I know, first hand, the destructive power of repressed feelings. I endured subclinical depression for the first 33 years of my life, and my emotional numbness was one of the main reasons for the failure of my first marriage. I was depressed because I was not in touch with my sorrow and anger over the death of my parents.
When I look back, it is astonishing to me that I could lose both of my parents by the age of six and not experience any emotional pain. My father died when I was eighteen months old, and I have no memory of that event. My mother died from a sudden stroke five years later. I am told that I showed little reaction. I didn’t even cry. I remember my adult siblings taking me aside and praising me for being such a “brave boy.” Operating out of my childhood logic, I converted their compliment into a blanket assumption: “I am loved when I deny my pain.”
I learned the lesson well. In young adulthood, I was able to look back on my early life and tell myself I was fortunate that both my parents had died. It gave me the opportunity to leave the farm and live in town with my sisters, where I got a better education. This myth had its uses. I went through my early years numb to the pain of abandonment. I pictured myself as a “lucky” person, not a poor orphan boy, and I wasted little time bemoaning my fate. I took on challenges well beyond my years and succeeded at most of them. I was on my way.
But, years later, my repressed sorrow wreaked havoc in my first marriage. Cut off from my pain, I was not fully alive. To survive, I had anesthetized an essential part of my being. Unconsciously, I looked to my wife for what I was missing. I hungered for emotional and physical contact, but she was unable to give me enough—partly because of deficiencies in her own childhood and partly because she experienced me as withholding, cold, demanding, and needy. It was a vicious cycle. The more I wanted, the more she withheld.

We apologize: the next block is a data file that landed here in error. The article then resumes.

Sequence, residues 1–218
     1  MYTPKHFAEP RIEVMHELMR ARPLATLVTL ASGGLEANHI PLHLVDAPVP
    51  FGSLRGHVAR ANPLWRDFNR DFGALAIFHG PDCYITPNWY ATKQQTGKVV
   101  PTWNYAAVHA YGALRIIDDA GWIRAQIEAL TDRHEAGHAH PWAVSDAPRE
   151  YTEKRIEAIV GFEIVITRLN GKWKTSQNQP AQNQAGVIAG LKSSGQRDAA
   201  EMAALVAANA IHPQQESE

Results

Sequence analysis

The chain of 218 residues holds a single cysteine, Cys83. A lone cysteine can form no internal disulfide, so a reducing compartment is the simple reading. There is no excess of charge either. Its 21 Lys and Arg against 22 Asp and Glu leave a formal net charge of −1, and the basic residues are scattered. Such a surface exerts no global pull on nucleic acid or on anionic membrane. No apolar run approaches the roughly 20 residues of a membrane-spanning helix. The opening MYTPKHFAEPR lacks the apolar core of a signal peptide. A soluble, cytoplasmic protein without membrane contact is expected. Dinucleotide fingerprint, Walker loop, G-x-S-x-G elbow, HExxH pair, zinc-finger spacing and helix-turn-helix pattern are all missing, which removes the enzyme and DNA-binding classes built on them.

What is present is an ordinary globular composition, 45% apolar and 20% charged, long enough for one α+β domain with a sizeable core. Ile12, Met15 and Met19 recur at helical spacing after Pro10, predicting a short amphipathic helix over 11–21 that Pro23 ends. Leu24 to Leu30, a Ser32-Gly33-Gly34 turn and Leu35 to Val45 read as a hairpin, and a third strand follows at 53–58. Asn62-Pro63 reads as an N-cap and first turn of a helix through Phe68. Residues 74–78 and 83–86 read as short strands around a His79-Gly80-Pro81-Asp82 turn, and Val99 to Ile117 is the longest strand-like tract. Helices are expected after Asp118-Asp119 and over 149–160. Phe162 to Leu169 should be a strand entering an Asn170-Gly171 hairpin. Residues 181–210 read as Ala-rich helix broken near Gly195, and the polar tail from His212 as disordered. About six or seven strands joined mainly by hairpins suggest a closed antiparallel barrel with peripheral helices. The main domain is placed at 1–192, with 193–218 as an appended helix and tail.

One of the most telling moments in our relationship took place the day after her father died. We were alone in our bedroom, and her grief over his death was just hitting her. She cried and cried. I circled my arms around her, but my body was stiff and unyielding. There was no warmth in my embrace. Inside, I felt deeply conflicted. Intellectually, I knew that it was reasonable for her to cry over her father’s death, and I wanted to comfort her. But a larger part of me was cold and unsympathetic. It was thinking,“What’s the problem? I lost both of my parents when I was a little boy, and I didn’t cry. Why is she so emotional?” Lessons learned early in life persist.
A few years later, when I was thirty-three, I saw a therapist for the first time—not because I thought I needed any help but because personal therapy was a recommended part of my training. In one of the first sessions, the therapist asked me to tell him about my parents. I told him that they had both died when I was very young, but that a lot of good luck had come my way as a result. Because they both died, I got to live with my sisters, get out of South Georgia, get a better education, and so on and so on.
“Tell me about your mother’s death,” he said to me, cutting short my highly edited autobiography.
I started to tell him how she died, but for some reason my throat felt constricted.
“Tell me about her funeral,” he said.
Once again I tried to talk. Once again, my throat seized up. Then, to my great astonishment, I burst into tears. I began to sob. There was no stopping me. I was an adult man, and there I was sobbing like a six-year-old boy. After a few minutes, my therapist looked at me kindly and said, “Harville, you are just beginning to grieve over your mother’s death.”
After that momentous day, I began to feel my own pain and anger—not just from the past, but from the present as well. I became less anxious. I had more compassion for other people. If my needs or wishes were disregarded, I experienced the normal feelings of sadness or anger—but not rage or depression. Because I was being reunited with my full range of feelings, I was beginning to feel fully alive. I was more in touch with who I was and where I had been, and I became open to the rhythm of my own heart.